When I was a bomb,
I destroyed though
I longed to build; instead
I gutted and burned and
When I was a bayonet,
I couldn’t imagine how
I had happened — how
I’d found myself
at barrel’s end, how
I stuck, how I was freed
with a blast right after.
When I was poison
I slept uneasily, like an empty coffin;
when I was a guillotine,
I felt a breeze sift that hair
as it tumbled down.
I used to pretend to be
oblivious to myself as damage
but truth be told: it has always been
my entire being and life to be
utterer of death
in order to preserve myself…
so I weep and gnash my teeth
and wash my hands of
generations of stains,
never moving from
Sunday morning Irish music
on the radio. Been this way
for many eons. I don’t do church anymore
but ritual matters to me — for instance,
a soothing shower and then a bowl
of thick white bean soup
during a snowstorm after shoveling.
So it is with De Dannan, Teada, Altan,
and so on. Something foreign enough
to feel strange, homey enough to feel
safe. I grew up with this around me.
I took it in with air and water.
This is Sunday for me. Once upon a time
I went to church on Sundays. I used to hate that.
I was forced into that ritual. I don’t hate this one
because I’m free to change the station,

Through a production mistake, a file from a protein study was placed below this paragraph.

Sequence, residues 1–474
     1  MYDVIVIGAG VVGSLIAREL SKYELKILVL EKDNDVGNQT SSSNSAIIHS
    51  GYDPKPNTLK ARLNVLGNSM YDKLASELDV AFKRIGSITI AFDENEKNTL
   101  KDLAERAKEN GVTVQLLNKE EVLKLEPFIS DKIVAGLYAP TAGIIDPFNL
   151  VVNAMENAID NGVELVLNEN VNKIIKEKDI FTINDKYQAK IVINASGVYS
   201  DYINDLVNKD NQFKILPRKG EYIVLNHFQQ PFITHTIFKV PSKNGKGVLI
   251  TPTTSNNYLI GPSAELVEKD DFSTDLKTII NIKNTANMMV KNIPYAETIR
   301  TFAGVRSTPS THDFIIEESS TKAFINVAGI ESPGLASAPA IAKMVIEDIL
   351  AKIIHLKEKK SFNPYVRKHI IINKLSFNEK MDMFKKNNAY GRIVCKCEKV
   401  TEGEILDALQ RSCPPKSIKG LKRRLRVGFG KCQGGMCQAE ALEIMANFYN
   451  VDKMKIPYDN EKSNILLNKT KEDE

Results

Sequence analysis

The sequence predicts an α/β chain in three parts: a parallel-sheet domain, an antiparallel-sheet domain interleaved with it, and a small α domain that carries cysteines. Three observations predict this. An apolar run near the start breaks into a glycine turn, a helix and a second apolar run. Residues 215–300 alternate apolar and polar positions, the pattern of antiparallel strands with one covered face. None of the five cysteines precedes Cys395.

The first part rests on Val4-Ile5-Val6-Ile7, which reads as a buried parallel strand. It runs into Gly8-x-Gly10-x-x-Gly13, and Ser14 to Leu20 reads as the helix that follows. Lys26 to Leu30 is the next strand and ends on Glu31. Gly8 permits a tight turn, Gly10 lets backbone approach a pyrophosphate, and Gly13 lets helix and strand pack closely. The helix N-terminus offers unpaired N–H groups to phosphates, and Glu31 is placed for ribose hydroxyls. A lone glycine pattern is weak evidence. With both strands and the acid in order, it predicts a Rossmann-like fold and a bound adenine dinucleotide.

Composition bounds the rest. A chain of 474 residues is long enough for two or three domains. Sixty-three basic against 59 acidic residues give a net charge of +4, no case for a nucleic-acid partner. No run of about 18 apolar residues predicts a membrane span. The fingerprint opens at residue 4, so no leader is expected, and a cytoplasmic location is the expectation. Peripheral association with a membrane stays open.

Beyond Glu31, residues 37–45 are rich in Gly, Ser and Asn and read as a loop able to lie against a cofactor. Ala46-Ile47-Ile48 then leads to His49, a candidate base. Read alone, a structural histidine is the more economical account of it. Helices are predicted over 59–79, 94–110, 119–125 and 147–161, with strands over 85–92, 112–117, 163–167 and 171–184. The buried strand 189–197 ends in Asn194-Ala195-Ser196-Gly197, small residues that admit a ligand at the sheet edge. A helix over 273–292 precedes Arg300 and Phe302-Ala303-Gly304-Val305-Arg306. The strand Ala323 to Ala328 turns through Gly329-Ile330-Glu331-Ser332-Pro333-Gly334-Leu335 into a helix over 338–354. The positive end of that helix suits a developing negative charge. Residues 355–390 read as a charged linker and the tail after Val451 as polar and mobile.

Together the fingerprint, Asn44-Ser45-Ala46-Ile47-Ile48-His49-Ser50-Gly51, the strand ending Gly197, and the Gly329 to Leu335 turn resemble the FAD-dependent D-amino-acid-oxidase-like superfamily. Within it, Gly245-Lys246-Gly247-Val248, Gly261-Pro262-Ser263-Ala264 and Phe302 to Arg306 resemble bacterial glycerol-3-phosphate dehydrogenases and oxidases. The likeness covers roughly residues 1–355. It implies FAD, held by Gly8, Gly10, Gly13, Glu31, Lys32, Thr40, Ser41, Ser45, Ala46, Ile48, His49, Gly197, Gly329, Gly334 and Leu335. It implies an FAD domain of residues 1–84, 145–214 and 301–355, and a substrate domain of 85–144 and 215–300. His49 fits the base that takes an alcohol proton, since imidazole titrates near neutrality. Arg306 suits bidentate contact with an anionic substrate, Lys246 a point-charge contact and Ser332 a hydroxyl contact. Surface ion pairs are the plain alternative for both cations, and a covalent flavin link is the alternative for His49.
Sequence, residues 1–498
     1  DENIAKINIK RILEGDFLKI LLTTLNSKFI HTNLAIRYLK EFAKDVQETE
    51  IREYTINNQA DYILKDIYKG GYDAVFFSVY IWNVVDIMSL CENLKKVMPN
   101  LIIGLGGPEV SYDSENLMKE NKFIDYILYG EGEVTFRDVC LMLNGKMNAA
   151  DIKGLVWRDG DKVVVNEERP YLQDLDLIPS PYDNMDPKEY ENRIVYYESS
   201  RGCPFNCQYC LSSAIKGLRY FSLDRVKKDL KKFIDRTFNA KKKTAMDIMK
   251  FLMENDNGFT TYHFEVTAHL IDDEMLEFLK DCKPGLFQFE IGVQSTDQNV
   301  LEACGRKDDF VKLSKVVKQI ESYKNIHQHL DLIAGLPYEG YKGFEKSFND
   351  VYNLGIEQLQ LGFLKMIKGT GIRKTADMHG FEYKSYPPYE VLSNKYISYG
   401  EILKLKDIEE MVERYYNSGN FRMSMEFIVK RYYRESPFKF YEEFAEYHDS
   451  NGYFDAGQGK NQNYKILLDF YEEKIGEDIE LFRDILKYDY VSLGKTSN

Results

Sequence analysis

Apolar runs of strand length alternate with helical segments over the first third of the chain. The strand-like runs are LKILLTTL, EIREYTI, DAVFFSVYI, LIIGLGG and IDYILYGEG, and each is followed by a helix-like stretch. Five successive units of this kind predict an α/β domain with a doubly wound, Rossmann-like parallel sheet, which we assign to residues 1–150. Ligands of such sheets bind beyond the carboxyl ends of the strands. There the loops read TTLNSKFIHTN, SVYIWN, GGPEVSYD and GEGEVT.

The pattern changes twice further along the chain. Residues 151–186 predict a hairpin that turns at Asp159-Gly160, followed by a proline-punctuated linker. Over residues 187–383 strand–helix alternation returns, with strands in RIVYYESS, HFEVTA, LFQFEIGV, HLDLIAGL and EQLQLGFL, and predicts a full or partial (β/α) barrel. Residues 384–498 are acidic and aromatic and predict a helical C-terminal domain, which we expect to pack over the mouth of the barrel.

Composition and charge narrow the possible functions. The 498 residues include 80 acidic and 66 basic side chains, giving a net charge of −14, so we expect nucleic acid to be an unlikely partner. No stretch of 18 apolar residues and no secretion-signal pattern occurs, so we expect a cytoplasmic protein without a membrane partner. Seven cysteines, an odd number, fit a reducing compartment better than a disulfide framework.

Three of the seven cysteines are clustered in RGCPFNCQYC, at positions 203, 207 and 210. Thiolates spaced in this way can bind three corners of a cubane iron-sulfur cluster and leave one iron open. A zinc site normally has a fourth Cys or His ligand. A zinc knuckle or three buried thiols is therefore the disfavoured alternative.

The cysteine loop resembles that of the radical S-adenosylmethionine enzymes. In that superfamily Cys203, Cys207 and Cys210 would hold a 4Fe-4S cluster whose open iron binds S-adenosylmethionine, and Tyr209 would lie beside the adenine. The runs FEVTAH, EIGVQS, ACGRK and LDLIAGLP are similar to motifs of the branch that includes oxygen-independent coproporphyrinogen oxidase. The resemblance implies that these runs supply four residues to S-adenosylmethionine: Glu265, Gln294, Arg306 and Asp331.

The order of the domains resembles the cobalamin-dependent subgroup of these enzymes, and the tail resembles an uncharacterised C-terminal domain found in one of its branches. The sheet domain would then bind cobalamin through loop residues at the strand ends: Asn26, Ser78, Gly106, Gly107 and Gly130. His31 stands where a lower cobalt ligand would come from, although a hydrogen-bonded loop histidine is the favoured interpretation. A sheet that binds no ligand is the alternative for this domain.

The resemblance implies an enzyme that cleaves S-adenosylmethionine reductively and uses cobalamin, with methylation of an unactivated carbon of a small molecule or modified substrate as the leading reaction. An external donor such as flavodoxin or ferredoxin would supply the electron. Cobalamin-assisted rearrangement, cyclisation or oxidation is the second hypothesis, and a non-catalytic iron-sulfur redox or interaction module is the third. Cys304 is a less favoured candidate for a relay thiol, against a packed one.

though I don’t. I never do. It’s Irish music
every Sunday morning. It’s a bittersweet
religion as foreign to me as it is homey,
which is, I think, what religion ought to be:
a deep familiarity, a sacred oddity
embedded within you of your own free will.
you can have it.
I’ve seen my share.
It’s mostly been my own
but red’s red;
once you’ve seen
one scarlet gush
you’ve seen them all.
I know some can’t seem
to get enough and others
can differentiate among
various types to decide
which are sacred and which
profane, but I’ve never been
one of those. Its iron salt flavor
killed my appetite for it
for life. For life — what an odd
locution. To say I could
swear off blood
for life — as if I could
and remain alive. As if
blood I refused was trying
to kill me, and only by not bathing
in it could I stay alive in reverse of
Countess Bathory and Dracula and
all those other blood loving beings.
We all seem to be in love
with those red fountains
even when we can’t stand to see them.
How confusing we are. As for
excess blood: who needs it?
It’s just a sticky mess. It’s going
to make me miss breakfast. It’s
not worth my time. I have enough
of my own, thank you —
do not ask me
to shed a drop more.